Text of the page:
Comparative study of rubrics for assessment of laboratory practices of biochemistry. A perspective of students from different university degrees

  1. Busto, M. D. 1
  2. Ortega, N. 1
  3. Ramos-Gomez, S. 1
  4. Albillos, S. M. 1
  5. Pilar-Izquierdo, M. C. 1
  6. Palacios, D. 1
  1. 1 Universidad de Burgos

    Universidad de Burgos

    Burgos, España


Collection de livres:
Edulearn15: 7th international conference on education and new learning technologies
  1. GomezChova, L (coord.)
  2. LopezMartinez, A (coord.)
  3. CandelTorres, I (coord.)


ISSN: 2340-1117

ISBN: 978-84-606-8243-1

Année de publication: 2015

Pages: 4215-4222

Congreso: 7th International Conference on Education and New Learning Technologies (EDULEARN)

Type: Communication dans un congrès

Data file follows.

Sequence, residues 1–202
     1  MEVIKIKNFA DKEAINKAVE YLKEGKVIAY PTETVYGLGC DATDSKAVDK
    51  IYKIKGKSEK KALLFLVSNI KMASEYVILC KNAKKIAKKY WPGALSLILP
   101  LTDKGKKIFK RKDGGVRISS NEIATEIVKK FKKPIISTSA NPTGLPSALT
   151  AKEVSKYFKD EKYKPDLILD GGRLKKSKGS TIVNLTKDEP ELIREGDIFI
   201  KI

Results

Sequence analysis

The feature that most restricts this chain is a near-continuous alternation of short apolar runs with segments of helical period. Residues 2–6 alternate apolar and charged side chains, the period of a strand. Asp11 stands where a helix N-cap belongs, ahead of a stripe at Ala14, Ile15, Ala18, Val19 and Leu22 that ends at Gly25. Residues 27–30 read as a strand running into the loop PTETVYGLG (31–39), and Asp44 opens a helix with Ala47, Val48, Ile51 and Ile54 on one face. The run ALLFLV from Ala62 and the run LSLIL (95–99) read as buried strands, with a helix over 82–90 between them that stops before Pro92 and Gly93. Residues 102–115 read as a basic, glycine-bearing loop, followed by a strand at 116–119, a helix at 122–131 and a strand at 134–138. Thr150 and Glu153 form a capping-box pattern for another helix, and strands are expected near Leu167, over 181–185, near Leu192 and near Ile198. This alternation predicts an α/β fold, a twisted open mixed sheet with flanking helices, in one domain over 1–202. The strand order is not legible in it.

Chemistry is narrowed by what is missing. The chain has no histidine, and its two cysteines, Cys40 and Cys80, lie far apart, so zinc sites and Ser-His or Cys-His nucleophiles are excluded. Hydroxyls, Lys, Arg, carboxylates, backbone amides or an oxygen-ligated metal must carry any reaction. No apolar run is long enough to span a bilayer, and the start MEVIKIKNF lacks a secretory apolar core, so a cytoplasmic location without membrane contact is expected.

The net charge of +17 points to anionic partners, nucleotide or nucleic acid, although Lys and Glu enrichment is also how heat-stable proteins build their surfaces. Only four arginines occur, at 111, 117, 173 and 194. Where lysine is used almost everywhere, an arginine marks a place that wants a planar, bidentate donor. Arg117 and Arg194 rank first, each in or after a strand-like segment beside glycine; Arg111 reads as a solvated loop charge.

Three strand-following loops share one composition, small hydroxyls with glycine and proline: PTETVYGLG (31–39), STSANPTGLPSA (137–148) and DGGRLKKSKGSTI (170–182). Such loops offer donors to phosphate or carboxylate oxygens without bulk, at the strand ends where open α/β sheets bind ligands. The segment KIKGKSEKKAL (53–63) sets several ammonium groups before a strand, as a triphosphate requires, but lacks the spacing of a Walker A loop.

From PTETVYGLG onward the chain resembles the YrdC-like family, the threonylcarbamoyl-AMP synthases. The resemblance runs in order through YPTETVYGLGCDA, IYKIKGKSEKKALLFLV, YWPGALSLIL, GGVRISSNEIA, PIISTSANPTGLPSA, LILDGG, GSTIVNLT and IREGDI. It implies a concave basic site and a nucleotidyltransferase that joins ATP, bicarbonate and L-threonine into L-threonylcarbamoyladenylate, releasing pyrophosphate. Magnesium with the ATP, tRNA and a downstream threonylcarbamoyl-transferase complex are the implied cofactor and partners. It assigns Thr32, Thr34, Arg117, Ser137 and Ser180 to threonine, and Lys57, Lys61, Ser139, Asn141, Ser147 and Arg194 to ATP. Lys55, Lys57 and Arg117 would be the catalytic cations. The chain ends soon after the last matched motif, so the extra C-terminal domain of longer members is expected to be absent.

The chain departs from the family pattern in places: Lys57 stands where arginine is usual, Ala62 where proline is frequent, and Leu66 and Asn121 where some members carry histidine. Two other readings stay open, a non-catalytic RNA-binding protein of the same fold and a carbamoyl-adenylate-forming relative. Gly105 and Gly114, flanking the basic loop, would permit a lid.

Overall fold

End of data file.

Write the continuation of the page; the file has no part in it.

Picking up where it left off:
Definitions for the word "rubric" abound, but basically, the rubrics are documents that describe varying levels of performance from excellent to poor and show where on that scale a student is achieving a particular learning standard, goal or objective. The use of a rubric with specific criteria and proficiency levels is highly desirable for evaluating a multidimensional task. When used as teaching tools, rubrics not only make the instructor's standards and resulting grading explicit, but they can give students a clear sense of what the expectations are for a high level of performance on a given assignment, and how they can be met. According to some authors the use of rubrics can be most important when the students are novices with respect to a particular task. Some authors also indicated that using rubrics may not improve the reliability or validity of assessment if raters are not well trained on how to design and employ them effectively. The purpose of this study was to compare the effectivity of different rubrics designed as tools for assessment of students in laboratory practices of Biochemistry from diverse university degrees (Chemistry, Food Science and Technology, and Agricultural Engineering) during the academic year 2013-14. Another intention was also pretended to determine the style of rubric more adequate for the students depending on the level (first, second or third course). In this experience, three rubrics were analysed by means of students' satisfaction surveys. Moreover, students' perspective about the formative activity was also revised. Students were asked to make an assessment of both the formative activity carried out and the use of rubric for their evaluation. Each questionnaire contained several items that had to be rated from 1 to 5 (ranking the degree of satisfaction as 1 not all; 2, poor, 3 average, 4 fair and 5 high). Resulting data showed that students independently of the level or degree, considered positively the use of rubrics as a useful tool for the development and establishment of evaluating criteria for the formative activity. Furthermore, these students also valued globally the practices of laboratory as very satisfactory or satisfactory. Specific differences in the students' responses to the items of the survey between the different levels and studies were analysed and will help redesign the rubrics and improve the formative activity for the future.